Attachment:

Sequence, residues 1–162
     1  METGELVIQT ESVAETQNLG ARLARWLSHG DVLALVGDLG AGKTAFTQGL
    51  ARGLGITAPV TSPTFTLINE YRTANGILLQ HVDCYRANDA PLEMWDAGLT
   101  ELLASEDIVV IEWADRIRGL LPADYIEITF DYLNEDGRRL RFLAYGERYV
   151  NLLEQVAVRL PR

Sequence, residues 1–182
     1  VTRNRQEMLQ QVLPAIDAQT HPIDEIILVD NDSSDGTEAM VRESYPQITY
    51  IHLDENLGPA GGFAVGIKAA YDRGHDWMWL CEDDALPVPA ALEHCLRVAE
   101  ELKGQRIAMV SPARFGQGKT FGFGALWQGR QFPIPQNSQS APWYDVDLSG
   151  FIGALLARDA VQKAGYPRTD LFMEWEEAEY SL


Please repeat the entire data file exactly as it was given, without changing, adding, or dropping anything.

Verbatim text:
Sequence, residues 1–162
     1  METGELVIQT ESVAETQNLG ARLARWLSHG DVLALVGDLG AGKTAFTQGL
    51  ARGLGITAPV TSPTFTLINE YRTANGILLQ HVDCYRANDA PLEMWDAGLT
   101  ELLASEDIVV IEWADRIRGL LPADYIEITF DYLNEDGRRL RFLAYGERYV
   151  NLLEQVAVRL PR

Sequence, residues 1–182
     1  VTRNRQEMLQ QVLPAIDAQT HPIDEIILVD NDSSDGTEAM VRESYPQITY
    51  IHLDENLGPA GGFAVGIKAA YDRGHDWMWL CEDDALPVPA ALEHCLRVAE
   101  ELKGQRIAMV SPARFGQGKT FGFGALWQGR QFPIPQNSQS APWYDVDLSG
   151  FIGALLARDA VQKAGYPRTD LFMEWEEAEY SL